Fulcrum Ruminations

Saturday, July 15, 2006

Some Thoughts for Mid-July

Reaching back to what was only my third post in this blog, I see from recent reporting that another successful missile-defense test has occurred. Much as I hate to keep banging this particular drum, it seems fairly obvious that the critics were quite wrong and that this technology works.

Lot of recent puffery resulting from the Supreme Court’s “Hamdan vs Rumsfeld” decision. Commentators on both sides have been weighing in, with the left predictably characterizing the Court’s decision as a major defeat for President Bush and the right, equally predictably, trying to minimize the damage. The Washington Times has been running a multi-part series by David Rivkin and Lee Casey with analysis. I find Part III particularly interesting. It would appear that the Court’s decision in this matter is rather more narrowly focused than either side wants to realize. Bottom line, the opinion of the Court seems to be that while Bush overstepped his bounds in the treatment of war on terror detainees, it’s more that legal details weren’t properly seen to than anything else. The Court decision does not mean that the gates of Guantanamo must be thrown open.

A recent article by Thomas Sowell points out the negativity in the press with regard to the situation in Iraq (and to a lesser degree Afghanistan).

I have a real fear about this. More and more, the press is alienating itself from the people it’s supposed to be serving. The more the bias of the reporting becomes obvious, the more middle America is tuning it out. The country is already heading towards becoming two opposing camps of polarized reactionaries (just look at those blogs on the right of this page, or think about the Red State/Blue State nonsense) and if the supposedy “fair and balanced” press becomes perceived as serving only one side’s interest, then it loses its vital role as watchdog and guarantor of the people’s freedom. If half (or more) of the population automatically discounts whatever the press reports due to a perception of political bias, then nothing that gets reported will be taken seriously. This is a dangerous road to tread, and the press’s refusal to see the damage it’s doing to itself is all the more worrying. But then, this has always been the consequence of one group of people deciding that they know better than anyone else . . . they turn first elitist and then incestuous. Ultimately, by virtue of alienating the general population, they render themselves irrelevent. Our scandal-mongering “if it bleeds it leads” news media are blindly heading over a cliff. Then where will we be? A nation that gets all its “news” from opinion pieces in blogs? That’s a frightening possibility. Much of this can be understood as the consequences of short-term thinking. The media, like most other American businesses, has been taken over by the accountants. Their pursuit of immediate profits over all other considerations drives the sensationalistic nature of media coverage and also leads to the emergence of personality-driven reporting/opinion, as seen in the disrgaceful displays by Ann Coulter, Rush Limbaugh, Al Franken, and James Carville and their ilk. Single-issue groups like MoveOn.org or the Swift Boat Veterans for Truth add to the muck, casting everything in the light of their particular obsessions.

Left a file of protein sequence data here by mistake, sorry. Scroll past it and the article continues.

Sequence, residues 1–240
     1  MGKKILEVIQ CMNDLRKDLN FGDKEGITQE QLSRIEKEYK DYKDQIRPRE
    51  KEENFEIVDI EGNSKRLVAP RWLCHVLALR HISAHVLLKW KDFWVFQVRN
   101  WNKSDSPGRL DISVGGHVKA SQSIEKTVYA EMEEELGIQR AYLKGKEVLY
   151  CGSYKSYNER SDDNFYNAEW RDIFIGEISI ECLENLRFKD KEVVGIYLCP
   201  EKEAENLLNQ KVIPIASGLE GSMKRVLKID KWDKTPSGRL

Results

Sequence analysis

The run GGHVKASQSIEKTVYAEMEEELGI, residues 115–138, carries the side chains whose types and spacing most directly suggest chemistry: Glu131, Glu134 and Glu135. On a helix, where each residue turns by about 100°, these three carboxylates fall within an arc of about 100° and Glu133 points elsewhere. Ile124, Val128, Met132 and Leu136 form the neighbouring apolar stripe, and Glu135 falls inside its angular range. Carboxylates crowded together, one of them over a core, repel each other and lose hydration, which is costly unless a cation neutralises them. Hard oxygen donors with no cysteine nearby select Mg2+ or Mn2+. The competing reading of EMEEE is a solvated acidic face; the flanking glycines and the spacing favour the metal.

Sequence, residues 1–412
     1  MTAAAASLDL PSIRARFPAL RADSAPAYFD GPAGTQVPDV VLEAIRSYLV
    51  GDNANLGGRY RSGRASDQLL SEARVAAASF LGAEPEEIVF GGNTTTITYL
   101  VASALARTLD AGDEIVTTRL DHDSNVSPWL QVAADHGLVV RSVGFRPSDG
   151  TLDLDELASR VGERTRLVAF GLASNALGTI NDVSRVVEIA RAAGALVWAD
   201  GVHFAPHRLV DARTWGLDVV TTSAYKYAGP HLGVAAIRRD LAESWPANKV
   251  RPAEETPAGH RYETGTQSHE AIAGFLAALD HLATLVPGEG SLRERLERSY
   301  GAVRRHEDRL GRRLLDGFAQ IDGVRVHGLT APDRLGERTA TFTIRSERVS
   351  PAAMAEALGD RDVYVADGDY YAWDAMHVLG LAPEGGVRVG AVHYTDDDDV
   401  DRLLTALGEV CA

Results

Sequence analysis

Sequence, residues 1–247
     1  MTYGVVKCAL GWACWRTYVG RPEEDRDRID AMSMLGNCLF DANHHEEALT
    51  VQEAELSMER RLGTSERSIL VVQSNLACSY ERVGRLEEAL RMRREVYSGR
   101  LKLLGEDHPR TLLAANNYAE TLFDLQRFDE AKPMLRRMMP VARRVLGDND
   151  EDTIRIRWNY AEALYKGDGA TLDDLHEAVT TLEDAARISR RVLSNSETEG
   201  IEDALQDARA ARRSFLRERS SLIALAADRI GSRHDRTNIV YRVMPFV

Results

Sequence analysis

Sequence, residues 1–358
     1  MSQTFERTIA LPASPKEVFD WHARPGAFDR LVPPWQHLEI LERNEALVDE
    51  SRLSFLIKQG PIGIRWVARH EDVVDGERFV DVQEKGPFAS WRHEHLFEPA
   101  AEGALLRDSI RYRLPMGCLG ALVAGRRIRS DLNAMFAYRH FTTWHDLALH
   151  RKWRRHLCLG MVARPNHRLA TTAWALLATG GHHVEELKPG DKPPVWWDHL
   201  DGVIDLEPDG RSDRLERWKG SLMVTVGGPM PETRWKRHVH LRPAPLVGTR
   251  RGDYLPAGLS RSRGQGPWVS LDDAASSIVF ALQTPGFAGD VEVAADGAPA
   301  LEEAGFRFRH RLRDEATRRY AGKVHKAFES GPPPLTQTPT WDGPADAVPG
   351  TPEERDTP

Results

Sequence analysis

We here in the middle, gentle reader, must beware these trends. We must filter, consider, oh-so-carefully judge based on thorough consideration of all available information just where the real truth of any given situation might lie.

We are heading for dark times, I fear. The demogogues are taking over. Reason is being replaced by reaction.

Hold your torches firmly and keep your cynicism fully engaged, my friends. Only that will see us thru.

Saturday, July 01, 2006

Which Way Are the Rafts Heading?

Here's a piece I stumbled across in the course of my surfing today. Written by a guy named Bill Whittle. This may be the best summation I've yet found as to why I refer to a certain segment of our population as reality-impaired. It's well-written and makes a good point.

But, of course, probably lost on those to whom it most applies. Ah well, you can lead them to water, but you can't make them drink.